Transgender Powerlifter Janae Marie Kroc Shares Unbelievable Story

World champion powerlifter Matt Kroczaleski came out as a transgender woman and rocked the fitness world. M&F was granted unprecedented access for a revealing feature in our October issue.

Photography by Per Bernal

For the first time ever, M&F features a transgender athlete, Janae Marie Kroc, the bodybuilder and world champion powerlifter formerly known as Matt Kroczaleski. Since coming out as a transgender woman in July, Janae has granted interviews to a number of media outlets to talk about her unique story. However, our story is the first to feature a photo shoot of Janae. In addition, she has granted unprecedented access to her home and shared previously untold stories about growing up poor in the Michigan woods, and the path that led her to become a world champion in the world of strength sports.

SEE ALSO: More Shots from Janae Kroc's First M&F Photo Shoot

Janae says she always knew that she was a woman on the inside, but also loved the thrill of competition and the escape that weightlifting offered her. She goes on to say that as she transitions, she has no plans to continue competing in powerlifting or bodybuilding. Here is her story:

Meet Janae


Any small underground gym gets the “dungeon” nickname by default, but the one that Matt Kroczaleski built in the basement of his suburban Michigan home in a cookie-cutter subdivision of Ypsilanti between Ann Arbor and Detroit is the only one you might confuse for an actual dungeon. The top half of the poured concrete walls is covered in blood-red spray paint; the bottom half in black. Dozens of heavy chains and thick rubber bands hang from pegs on the wall. All of it is standard power lifting gear, but the setting makes it look designed for torture.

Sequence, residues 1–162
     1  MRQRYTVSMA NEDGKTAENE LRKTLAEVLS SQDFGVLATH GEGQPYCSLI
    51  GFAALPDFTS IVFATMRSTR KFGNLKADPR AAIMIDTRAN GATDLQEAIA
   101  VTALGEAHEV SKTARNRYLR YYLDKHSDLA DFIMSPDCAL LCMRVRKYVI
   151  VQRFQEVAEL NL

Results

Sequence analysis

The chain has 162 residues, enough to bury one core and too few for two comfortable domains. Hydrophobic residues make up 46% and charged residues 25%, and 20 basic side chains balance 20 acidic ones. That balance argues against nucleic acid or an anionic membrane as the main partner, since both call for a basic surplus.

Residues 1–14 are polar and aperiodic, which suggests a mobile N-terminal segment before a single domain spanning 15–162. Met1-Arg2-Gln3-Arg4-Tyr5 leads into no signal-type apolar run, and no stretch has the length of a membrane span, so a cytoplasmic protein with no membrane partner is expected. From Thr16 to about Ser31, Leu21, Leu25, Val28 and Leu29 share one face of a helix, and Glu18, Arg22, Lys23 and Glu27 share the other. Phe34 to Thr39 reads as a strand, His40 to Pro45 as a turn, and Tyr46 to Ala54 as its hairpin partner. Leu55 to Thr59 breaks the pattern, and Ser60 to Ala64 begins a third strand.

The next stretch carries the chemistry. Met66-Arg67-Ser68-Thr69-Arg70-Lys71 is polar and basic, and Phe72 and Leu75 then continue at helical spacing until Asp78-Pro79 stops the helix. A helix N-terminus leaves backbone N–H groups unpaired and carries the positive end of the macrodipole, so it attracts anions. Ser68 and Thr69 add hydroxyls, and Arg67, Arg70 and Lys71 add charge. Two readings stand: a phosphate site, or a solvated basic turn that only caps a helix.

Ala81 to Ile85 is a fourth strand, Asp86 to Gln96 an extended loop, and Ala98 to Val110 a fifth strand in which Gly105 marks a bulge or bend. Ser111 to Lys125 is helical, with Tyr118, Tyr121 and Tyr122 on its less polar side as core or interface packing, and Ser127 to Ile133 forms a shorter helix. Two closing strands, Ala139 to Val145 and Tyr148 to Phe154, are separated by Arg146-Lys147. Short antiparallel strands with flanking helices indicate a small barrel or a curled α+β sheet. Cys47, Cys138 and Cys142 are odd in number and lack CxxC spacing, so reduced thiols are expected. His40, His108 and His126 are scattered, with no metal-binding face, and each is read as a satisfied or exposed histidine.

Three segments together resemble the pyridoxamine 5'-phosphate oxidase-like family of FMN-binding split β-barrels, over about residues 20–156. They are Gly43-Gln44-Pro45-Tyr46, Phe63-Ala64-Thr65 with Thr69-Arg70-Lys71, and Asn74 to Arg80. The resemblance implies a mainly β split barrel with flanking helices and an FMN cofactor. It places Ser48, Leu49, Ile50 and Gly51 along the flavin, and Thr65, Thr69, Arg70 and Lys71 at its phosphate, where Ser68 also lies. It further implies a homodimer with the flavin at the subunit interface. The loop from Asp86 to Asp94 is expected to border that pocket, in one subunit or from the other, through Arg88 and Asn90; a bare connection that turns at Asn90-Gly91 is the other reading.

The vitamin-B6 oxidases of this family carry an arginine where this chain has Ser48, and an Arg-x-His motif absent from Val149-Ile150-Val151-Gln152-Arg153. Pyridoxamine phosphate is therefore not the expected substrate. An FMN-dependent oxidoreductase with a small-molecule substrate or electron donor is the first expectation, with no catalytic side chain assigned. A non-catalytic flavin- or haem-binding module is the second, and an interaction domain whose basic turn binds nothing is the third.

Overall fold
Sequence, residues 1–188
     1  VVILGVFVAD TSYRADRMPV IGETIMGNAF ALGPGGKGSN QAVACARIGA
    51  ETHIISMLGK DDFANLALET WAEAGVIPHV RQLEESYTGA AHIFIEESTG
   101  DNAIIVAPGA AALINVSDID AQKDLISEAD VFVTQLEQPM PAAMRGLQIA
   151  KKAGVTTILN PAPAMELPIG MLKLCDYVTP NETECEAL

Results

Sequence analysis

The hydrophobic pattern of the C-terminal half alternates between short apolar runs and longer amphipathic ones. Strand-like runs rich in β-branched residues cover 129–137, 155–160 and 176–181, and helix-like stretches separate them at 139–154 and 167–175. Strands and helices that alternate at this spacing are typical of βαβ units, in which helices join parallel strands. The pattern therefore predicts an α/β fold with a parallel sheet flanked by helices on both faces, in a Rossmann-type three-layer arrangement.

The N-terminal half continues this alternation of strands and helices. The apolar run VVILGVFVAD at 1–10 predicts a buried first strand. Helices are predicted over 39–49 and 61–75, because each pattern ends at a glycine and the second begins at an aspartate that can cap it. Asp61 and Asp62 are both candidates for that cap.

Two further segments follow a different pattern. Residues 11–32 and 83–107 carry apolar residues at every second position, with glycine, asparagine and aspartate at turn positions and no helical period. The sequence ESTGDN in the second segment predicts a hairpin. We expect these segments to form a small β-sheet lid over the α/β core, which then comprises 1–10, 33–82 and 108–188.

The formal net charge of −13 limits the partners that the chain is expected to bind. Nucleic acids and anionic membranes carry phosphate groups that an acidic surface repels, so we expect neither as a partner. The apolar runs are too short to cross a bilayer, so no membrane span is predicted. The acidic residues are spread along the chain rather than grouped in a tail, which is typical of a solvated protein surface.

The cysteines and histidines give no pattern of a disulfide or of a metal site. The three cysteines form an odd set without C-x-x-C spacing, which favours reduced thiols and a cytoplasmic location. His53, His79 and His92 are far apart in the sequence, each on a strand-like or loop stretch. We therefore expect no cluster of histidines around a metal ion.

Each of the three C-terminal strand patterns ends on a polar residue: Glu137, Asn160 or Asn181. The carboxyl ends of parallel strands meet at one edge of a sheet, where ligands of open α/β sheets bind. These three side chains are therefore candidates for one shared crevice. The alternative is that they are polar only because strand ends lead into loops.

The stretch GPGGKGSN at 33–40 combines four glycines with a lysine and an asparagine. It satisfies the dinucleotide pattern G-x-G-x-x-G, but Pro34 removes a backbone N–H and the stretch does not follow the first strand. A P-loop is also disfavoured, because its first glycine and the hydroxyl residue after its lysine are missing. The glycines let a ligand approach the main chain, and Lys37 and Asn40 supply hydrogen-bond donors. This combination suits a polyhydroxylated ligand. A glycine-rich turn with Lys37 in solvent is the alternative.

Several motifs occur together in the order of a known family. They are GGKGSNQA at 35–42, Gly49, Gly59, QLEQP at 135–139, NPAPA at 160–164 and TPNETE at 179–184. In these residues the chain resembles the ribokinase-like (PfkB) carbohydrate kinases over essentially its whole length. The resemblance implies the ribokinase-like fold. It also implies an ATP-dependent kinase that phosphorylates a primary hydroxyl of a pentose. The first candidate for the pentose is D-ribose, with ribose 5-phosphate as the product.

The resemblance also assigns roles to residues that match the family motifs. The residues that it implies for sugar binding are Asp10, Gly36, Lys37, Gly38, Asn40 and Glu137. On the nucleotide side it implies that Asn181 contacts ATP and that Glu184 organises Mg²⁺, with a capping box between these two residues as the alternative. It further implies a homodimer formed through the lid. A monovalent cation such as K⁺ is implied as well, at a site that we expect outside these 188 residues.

By the time you find his custom gear—the fabled “Kroc Row” dumbbells, which can be loaded up to 300 pounds, and a 250-pound length of telephone pole that he would drape across his shoulders for walking lunges in deep snow—the sinister atmosphere is complete. Matt once described the gym’s concept as “descending into hell.”

The sport of powerlifting exacts a toll on the body that is rivaled by only a handful of other extreme sports, but Matt, who fans simply called “Kroc,” had an uncommon obsession for shattering records that seemed to ignore all consequences. The price he paid came in the form of several muscle tears over the years: left calf, right quad, left lat, left pec, both biceps, and both triceps. The intracranial pressure accrued during his squat sessions twice caused severe hemorrhaging. That was just the cost of training.

His particular brand of contest prep would kill most men. When cutting weight before a powerlifting meet, he could lose 35 pounds in a 24-hour period; he’d wear several sweat suits, get into his car in the middle of the summer, roll up the windows, turn the heat on full blast, and drive around for hours. Any weight he didn’t lose in the car came off in his bathroom, where, after stuffing all the vents with towels, he drove the temperature up to 150° by running a hot shower all night. He’d go in and out of his makeshift sauna for 30-minute bouts, forgoing sleep, until he hit his target. After the weigh-in, he could gain all the weight back by eating and drinking Gatorade nonstop until the meet.